Study co-author Jean C. Y. Wang, MD, PhD: “The LSC17 score can be applied to all newly diagnosed patients with acute myeloid leukemia (AML) and is complementary to genetic [mutational] profiling. Clinicians treating AML can now obtain a rapid and accurate assessment of risk within days of diagnosis, allowing for real-time, risk-informed decision making regarding induction therapy, as well as subsequent consolidation therapy.”
High relapse rates in patients with AML have been attributed to the persistence of leukemia stem cells (LSCs), which are often resistant to standard chemotherapy and can lead to disease recurrence, even in patients who appear to go into remission. In a research letter published in Nature, investigators shared a new, rapid gene-expression test that can predict within one to two days of diagnosis whether the patient will benefit from standard chemotherapy.
Stanley W. K. Ng, MSc, from the Institute of Biomaterials and Biomedical Engineering at the University of Toronto in Ontario, Canada, and co-authors developed the LSC17 score by sampling the leukemia stem cell properties of blood or bone marrow samples from 78 AML patients, combined with molecular profiling technology that measures gene expression. They then used statistical methods to identify a set of 17 stem cell genes that were highly predictive of survival and therapy response.
The LSC signature genes included:
“[The LSC17 score] provides additional prognostic/predictive information and works in all molecular subtypes of AML, with the exception of acute promyelocytic leukemia,” co-author Jean C. Y. Wang, MD, PhD, said.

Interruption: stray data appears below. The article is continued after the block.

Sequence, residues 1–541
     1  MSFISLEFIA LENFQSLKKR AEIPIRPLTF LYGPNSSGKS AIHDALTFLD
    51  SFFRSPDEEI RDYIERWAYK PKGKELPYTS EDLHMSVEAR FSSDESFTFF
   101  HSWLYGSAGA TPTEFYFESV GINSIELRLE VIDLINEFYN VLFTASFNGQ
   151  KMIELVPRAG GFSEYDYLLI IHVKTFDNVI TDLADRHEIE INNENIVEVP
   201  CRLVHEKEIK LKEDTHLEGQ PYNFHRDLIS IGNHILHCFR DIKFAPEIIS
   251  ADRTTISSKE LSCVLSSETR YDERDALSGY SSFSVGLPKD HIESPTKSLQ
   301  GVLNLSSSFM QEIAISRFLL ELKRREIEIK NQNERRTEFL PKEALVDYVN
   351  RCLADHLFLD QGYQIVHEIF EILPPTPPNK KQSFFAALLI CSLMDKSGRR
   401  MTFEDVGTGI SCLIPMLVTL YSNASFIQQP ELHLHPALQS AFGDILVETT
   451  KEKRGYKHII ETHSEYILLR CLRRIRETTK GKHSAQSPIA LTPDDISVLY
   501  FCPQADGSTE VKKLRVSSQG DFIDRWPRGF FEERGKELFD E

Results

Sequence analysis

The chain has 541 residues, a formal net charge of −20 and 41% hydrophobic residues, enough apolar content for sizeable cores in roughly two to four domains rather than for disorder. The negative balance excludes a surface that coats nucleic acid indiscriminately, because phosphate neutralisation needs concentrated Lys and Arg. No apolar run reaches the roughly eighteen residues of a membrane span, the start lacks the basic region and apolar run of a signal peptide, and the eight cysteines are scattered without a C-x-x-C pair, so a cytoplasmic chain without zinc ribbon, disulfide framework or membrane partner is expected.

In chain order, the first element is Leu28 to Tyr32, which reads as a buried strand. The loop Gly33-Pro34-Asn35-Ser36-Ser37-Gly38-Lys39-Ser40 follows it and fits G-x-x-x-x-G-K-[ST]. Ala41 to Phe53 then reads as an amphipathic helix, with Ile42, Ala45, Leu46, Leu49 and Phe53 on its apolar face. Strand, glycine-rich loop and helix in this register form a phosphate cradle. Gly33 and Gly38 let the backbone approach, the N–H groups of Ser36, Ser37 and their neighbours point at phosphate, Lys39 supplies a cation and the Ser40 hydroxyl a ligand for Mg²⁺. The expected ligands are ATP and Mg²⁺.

Dr. Wang and researchers showed that the overall survival (OS) of patients with a high LSC17 score was significantly shorter than that of patients with a low LSC17 score (n=716 in 4 independent AML cohorts; p<0.001).
“Our study showed that patients with a high LSC17 score have a reduced chance of achieving remission and shorter overall survival following standard induction therapy, including allogeneic hematopoietic cell transplantation, compared with patients with a low score,” she explained.
This gene-signature test was adapted to the technology platform NanoString used in molecular diagnostic laboratories in Ontario. The researchers plan to conduct validation tests in a clinical laboratory setting and then in a prospective clinical trial.
The LSC17 score “provides clinicians with a rapid and powerful tool to identify AML patients who are less likely to be cured by standard therapy and who could be enrolled in trials evaluating novel upfront or post-remission strategies,” the authors wrote, noting that the study is limited in that the LSC17 score does not provide specific information about which alternative therapy would be beneficial.
Source: Ng SWK, Mitchell A, Kennedy JA, et al. A 17-gene stemness score for rapid determination of risk in acute leukaemia. Nature. 2016;540:433-7.